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Member Research and Reports

Member Research and Reports

Texas A&M Research on Asthma and Pollution in Texas-Mexico Border Region

A leading cause of illness and hospital visits for children in the United States is asthma. Characterized by inflammation and reduced airflow into the lungs, this common chronic condition has a major impact on quality of life and health in children and can at times be life- threatening. Although linked to indoor and outdoor air pollution, little is known about how prevalent asthma is in the predominantly low-income communities along the Texas-Mexico border.

[Photo: Dr. Genny Carrillo]

To gain a better understanding of asthma prevalence in this area and the affects of exposure to hazardous air pollutants (HAPs) in schools, a research team led by Dr. Genny Carrillo, associate professor at the Texas A&M School of Public Health, studied pollution and asthma occurrence rates among school-age children in Hidalgo County, Texas. Their study, published in the journal Environmental Research, used a survey of students in 198 schools and air pollution data from the Environmental Protection Agency to identify what factors increased the risk for asthma in school-age children and further clarify the role of school-related HAPs in childhood asthma.

Research points to outdoor air pollution ranging from car emissions, diesel exhaust and gases like nitrogen dioxide, sulfur dioxide and ozone playing a significant role in asthma. Hidalgo County, one of the poorest counties in the United States, is home to many low-income Hispanic families who have a greater chance to be affected by asthma than people in other parts of the states. One contributor to this disparity is more significant exposure to environmental triggers for asthma such as pollution from growing industrialization and agricultural activity in the region.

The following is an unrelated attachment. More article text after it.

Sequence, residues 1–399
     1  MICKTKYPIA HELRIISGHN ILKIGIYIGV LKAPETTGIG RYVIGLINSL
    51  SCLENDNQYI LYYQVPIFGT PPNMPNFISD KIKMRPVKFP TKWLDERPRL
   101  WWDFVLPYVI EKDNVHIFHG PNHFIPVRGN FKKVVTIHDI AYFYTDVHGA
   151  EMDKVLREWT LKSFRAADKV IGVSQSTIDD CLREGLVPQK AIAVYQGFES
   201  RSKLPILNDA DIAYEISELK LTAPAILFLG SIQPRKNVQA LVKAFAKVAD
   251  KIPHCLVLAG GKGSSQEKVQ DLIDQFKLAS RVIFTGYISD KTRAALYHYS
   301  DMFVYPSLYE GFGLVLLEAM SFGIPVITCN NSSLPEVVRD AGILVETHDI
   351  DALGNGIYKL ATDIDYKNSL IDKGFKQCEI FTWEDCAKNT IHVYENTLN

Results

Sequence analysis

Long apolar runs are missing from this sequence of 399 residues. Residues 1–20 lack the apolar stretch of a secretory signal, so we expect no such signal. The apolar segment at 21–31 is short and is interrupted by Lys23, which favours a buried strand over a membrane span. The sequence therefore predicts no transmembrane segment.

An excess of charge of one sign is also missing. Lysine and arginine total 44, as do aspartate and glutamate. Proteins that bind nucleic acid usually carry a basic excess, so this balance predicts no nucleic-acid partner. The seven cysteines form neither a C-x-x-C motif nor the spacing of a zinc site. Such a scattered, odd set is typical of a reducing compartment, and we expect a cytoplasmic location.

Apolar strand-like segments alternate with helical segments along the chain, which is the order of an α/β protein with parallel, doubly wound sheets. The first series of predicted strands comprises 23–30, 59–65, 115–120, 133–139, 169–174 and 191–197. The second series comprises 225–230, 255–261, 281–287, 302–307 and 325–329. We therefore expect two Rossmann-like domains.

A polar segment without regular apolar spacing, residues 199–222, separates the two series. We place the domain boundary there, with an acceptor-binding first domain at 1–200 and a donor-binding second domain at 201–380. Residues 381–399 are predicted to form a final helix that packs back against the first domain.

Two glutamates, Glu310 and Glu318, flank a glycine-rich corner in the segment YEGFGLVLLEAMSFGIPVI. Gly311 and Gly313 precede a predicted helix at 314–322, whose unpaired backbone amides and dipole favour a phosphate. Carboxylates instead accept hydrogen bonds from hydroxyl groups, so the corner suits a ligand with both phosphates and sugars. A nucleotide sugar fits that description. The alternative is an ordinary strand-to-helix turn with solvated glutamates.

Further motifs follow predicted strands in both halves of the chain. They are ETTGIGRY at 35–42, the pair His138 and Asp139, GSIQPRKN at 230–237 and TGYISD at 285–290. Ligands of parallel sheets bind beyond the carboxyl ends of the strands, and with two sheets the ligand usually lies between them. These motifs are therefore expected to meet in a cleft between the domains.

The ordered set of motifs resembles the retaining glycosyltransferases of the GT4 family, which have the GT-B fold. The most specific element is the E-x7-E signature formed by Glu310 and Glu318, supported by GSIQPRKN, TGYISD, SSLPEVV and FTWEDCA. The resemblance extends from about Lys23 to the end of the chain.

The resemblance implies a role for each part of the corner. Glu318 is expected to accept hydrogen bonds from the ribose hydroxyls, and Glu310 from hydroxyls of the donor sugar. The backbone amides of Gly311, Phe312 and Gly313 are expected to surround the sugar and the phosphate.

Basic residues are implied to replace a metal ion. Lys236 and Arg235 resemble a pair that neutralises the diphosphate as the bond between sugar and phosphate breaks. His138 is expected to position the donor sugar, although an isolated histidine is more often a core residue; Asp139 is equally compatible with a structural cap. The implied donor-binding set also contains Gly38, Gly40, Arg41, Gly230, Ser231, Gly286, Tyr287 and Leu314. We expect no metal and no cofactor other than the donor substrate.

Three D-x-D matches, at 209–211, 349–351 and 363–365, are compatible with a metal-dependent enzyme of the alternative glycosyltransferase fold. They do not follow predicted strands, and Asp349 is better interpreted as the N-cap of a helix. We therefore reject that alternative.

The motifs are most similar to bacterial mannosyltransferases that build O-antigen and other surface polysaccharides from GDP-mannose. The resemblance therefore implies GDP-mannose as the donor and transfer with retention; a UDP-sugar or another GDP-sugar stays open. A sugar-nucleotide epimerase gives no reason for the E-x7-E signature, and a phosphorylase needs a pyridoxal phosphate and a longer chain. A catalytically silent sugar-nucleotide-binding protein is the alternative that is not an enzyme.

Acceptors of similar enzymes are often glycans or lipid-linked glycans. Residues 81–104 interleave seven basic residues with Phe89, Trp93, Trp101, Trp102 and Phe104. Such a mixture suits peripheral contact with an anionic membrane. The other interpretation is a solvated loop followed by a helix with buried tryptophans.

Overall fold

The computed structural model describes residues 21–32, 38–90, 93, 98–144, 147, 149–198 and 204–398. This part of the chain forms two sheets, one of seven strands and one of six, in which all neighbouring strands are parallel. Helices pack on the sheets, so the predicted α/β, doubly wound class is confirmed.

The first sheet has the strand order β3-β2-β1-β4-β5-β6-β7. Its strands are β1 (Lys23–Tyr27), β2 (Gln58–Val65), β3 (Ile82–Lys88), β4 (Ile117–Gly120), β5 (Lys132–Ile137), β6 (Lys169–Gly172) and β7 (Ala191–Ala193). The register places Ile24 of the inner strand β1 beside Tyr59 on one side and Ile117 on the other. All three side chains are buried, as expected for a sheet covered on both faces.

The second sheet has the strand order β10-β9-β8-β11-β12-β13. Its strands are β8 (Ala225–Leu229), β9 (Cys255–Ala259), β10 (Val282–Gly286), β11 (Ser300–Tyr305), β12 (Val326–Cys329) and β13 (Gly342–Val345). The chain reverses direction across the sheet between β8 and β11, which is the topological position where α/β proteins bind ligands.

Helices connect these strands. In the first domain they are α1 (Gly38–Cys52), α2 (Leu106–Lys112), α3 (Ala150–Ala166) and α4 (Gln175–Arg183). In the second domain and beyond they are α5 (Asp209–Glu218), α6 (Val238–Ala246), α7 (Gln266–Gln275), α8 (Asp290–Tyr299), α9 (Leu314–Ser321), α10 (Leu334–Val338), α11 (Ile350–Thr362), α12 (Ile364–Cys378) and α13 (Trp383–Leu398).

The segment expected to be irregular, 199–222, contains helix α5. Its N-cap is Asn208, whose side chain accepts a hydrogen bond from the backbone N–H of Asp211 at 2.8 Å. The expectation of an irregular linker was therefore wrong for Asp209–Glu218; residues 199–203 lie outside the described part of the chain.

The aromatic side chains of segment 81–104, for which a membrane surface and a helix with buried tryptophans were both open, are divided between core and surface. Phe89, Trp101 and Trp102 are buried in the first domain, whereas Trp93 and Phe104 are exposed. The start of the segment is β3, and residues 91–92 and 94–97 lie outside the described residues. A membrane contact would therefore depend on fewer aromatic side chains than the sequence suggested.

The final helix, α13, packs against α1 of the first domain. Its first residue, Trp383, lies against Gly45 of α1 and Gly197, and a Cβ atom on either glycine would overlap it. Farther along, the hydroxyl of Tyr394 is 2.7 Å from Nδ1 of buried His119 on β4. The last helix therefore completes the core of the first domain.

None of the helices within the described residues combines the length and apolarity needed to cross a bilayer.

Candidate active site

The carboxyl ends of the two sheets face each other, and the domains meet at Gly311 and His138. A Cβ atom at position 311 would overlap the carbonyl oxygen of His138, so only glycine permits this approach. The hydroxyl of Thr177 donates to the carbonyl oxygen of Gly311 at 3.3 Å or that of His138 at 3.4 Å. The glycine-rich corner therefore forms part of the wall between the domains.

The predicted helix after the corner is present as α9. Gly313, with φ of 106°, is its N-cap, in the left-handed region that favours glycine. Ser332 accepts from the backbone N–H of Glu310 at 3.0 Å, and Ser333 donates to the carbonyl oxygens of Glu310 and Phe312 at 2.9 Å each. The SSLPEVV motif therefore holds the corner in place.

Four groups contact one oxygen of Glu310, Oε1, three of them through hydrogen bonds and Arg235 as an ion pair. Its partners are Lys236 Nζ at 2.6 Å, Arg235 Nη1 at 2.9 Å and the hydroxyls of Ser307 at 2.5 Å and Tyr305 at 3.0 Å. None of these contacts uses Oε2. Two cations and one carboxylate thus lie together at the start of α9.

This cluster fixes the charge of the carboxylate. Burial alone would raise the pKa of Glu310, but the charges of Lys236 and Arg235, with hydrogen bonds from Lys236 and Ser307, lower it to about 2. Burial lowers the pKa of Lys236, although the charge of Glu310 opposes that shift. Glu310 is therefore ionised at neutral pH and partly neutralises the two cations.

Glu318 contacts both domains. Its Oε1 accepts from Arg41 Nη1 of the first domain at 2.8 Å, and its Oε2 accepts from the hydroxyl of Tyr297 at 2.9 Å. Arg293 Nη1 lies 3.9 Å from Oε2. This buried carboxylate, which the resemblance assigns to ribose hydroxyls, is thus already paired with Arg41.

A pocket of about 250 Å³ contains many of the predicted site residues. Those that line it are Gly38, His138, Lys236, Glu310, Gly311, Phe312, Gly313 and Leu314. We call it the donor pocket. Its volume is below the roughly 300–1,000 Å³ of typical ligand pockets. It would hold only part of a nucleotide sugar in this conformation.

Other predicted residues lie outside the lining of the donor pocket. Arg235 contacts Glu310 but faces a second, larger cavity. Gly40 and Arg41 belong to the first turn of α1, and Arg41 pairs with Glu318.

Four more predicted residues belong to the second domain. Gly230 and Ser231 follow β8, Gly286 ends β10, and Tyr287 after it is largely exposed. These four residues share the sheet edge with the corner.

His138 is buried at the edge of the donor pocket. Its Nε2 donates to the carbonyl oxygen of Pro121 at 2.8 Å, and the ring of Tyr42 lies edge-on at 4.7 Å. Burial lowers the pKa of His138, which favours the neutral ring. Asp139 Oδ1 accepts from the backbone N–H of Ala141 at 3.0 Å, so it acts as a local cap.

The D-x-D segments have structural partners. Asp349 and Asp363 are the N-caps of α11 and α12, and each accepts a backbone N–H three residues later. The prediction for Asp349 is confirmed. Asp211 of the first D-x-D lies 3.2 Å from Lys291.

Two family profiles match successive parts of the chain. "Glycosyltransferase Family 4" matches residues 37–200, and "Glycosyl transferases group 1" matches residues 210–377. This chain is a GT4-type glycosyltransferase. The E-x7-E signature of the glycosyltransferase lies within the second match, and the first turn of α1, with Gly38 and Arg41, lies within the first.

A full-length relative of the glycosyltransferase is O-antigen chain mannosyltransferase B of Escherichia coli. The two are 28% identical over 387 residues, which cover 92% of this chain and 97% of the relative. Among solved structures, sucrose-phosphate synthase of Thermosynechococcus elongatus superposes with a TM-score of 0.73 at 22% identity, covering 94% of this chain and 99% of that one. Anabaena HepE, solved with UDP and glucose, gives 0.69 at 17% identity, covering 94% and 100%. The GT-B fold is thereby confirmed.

Dr. Carrillo and colleagues screened nearly 3,000 students in Hidalgo County with a questionnaire asking whether respondents had problems breathing when playing, woke up at night with difficulty breathing or found it hard to breathe in cold weather among other questions. The researchers also looked at the levels of 43 HAPs commonly linked to breathing problems, focusing only on nine of the 43 pollutants that significantly varied among parts of the study area. They found that families in Hidalgo County had an asthma prevalence of 9.4 percent, which is slightly above the statewide average and a little higher than the national average. However, children in the 14 to 18 age range had a much higher asthma prevalence — 16.7 percent — than the nationwide average of 10 percent.

The findings of this study added to the body of evidence linking pollution and asthma and showed the hazards faced by families living in areas with environmental contamination such as those found on the Texas-Mexico border.

“The findings of much higher asthma prevalence in older children pointed to environmental factors as these children frequently work alongside their families in agriculture,” Dr. Carrillo said. “The data from this study, particularly the school-related environmental and neighborhood data, provides a starting point for additional studies into environmental health in this region. In particular, further community studies that focus on the toxicity of pollutants with an eye on exactly how these substances cause or worsen asthma are needed.”

This study builds on the understanding of the role pollution plays in asthma and acts as a useful tool for identifying which populations face a higher risk for asthma, giving much-needed information on ways to treat and manage this common and serious health condition.